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Since participating in a year-long seminar on the major works of Hayek I have decided to continue reading some of his less known works. I have been especially intrigued by the more personal of his writings, many of which can be found in the later years of his life. The following is from his speech/essay, Socialism and Science, which he delivered in Australia to the Economic Society in 1976 (two years after receiving his Nobel Prize).

I have to admit that, after vainly waiting for upwards of forty years to find a respectably intellectual defence against objections raised to socialist proposals, I am becoming a little impatient. Since I have always acknowledged that the socialist camp includes many people of good will, I have tried to deal with their doctrines gently. But the time is overdue to proclaim loudly that intellectually the foundations of socialism are as hollow as can be, and that opposition to socialism is based, not on different values or on prejudice, but on unrefuted logical argument.

This must be openly said, especially in view of the tactics so frequently employed by most advocates and defenders of socialism. Instead of reasoning logically to meet the substantial objections they have to answer, socialists impugn the motives and throw suspicion on the good faith of defenders of what they choose to call “capitalism“. Such crude efforts to turn discussion from whether a belief is true to why it is being held seems to me itself an outgrowth of the weakness of the intellectual position of the socialists. Quite generally, the socialist counter-critique seems often to be more concerned to discredit the author than to refute his arguments. At least the counter-critiques is to warn the young against taking the author or his book seriously. This technique indeed has been developed to a certain mastership.

What young man will bother with such a book as my Constitution of Liberty, which he is told by a “progressive” British political science don is one of those “dinosaurs that still occasionally stalk on the scene, apparently impervious to natural selection”? The principle seems generally: if you can’t refute the argument, defame the author. That the argument against them may be genuine, honest and perhaps true, these left-wing intellectuals do not seem prepared to consider even as a possibility, since it might mean that they themselves are entirely wrong.

Certainly, political differences are frequently based on differences of ultimate values, on which science has little or nothing to say. But the crucial differences which exist today at least between the socialist intellectuals, who, after all, invented socialism, and their opponents are not of this kind. They are intellectual differences which between people not irredeemably wed to a muddled dream can be sorted out and decided by logical reasoning. I have never belonged to any political party. Long ago I shocked many of my friends by explaining why 1 cannot be a conservative. Insight into the nature of the economic problems of society turned me into a radical anti-socialist, I can honestly say. Moreover, it convinced me that as an economist I can do more for my fellow-men by explaining the reasons for opposing socialism than in any other manner. Anti-socialism means here opposition to all direct government interference with the market, no matter in whose interest such interference may be exercised.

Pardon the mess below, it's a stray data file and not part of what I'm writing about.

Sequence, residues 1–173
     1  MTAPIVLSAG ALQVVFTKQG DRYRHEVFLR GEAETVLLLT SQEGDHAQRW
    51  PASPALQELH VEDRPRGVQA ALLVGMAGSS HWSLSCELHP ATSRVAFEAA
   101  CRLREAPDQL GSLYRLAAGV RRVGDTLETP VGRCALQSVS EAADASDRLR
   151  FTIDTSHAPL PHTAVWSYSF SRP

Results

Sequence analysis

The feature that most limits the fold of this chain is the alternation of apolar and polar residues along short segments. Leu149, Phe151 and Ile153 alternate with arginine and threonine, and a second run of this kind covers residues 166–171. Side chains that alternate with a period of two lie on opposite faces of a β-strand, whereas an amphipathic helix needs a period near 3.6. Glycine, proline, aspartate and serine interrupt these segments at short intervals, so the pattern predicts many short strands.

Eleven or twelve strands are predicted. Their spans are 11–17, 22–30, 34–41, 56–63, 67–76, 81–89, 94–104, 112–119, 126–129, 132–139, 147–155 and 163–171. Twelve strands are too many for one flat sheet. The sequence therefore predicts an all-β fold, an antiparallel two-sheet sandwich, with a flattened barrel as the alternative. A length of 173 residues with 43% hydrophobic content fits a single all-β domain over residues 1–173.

My only caution to those of you cheering is that such tactics are not unique to  the Progressives.

4 Responses to “Economics IS Anti-Socialism”

  1. Speedmaster says:

    On this topic …

    I’ve been thinking about this since high school. As a senior I took my first econ class then. It didn’t take me long to reach the conclusion that there are not conservative economics, leftist economics, Austrian economics, supply-side economics etc.

    There are only two kinds of economics: sound economics, and shoddy economics. Am I off on this?

    And it just so happens that I am also convinced that what we call Austrian economics is by and large, sound economics. 😉

  2. Speedmaster says:

    Next, I’d like to rant about the misnomer of those called “progressives.” I see nothing forward-looking about calling for rehashed bad policies tat have been proven bad over and over and over.

  3. Harry says:

    For our education and enjoyment, Wintercow posts to his blog, submerged in an Adirondack lake.

    Great point, Speedmaster. There is no conservative or liberal physics, or electrical engineering. OK, a conservative would put in a 15-amp fuse, a moderate would put in a 20-amp, and a liberal would put in a 30-amp, hoping that the conservative would change the fuse. The progressive would say, since Dewey (not Tom) that the next socialist program will solve fire problems, now that we have more powerful computers and our guy in the White House maneuvering the levers.

  4. Harry says:

    We call them Progressives to be charitable, since that is what they wish to be called. Calling them names, because they would regard it as a personal attack, would be unfair and fallacious.

    We can call them cowards, as Hayek explains.

    As Wintercow well knows, I have never committed the fallacy of ad hominem, or any other fallacy.

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